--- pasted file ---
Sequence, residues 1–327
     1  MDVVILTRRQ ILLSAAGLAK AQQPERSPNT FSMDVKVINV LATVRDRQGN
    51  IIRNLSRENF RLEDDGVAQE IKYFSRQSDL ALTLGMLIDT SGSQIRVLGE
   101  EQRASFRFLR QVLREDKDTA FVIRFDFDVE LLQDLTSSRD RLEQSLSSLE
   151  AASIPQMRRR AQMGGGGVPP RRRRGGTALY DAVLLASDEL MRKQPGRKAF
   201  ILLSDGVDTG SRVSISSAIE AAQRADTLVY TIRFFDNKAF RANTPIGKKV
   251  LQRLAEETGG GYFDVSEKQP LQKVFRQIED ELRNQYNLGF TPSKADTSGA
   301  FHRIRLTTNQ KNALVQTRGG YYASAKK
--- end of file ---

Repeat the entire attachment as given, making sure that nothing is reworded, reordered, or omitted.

Sequence, residues 1–327
     1  MDVVILTRRQ ILLSAAGLAK AQQPERSPNT FSMDVKVINV LATVRDRQGN
    51  IIRNLSRENF RLEDDGVAQE IKYFSRQSDL ALTLGMLIDT SGSQIRVLGE
   101  EQRASFRFLR QVLREDKDTA FVIRFDFDVE LLQDLTSSRD RLEQSLSSLE
   151  AASIPQMRRR AQMGGGGVPP RRRRGGTALY DAVLLASDEL MRKQPGRKAF
   201  ILLSDGVDTG SRVSISSAIE AAQRADTLVY TIRFFDNKAF RANTPIGKKV
   251  LQRLAEETGG GYFDVSEKQP LQKVFRQIED ELRNQYNLGF TPSKADTSGA
   301  FHRIRLTTNQ KNALVQTRGG YYASAKK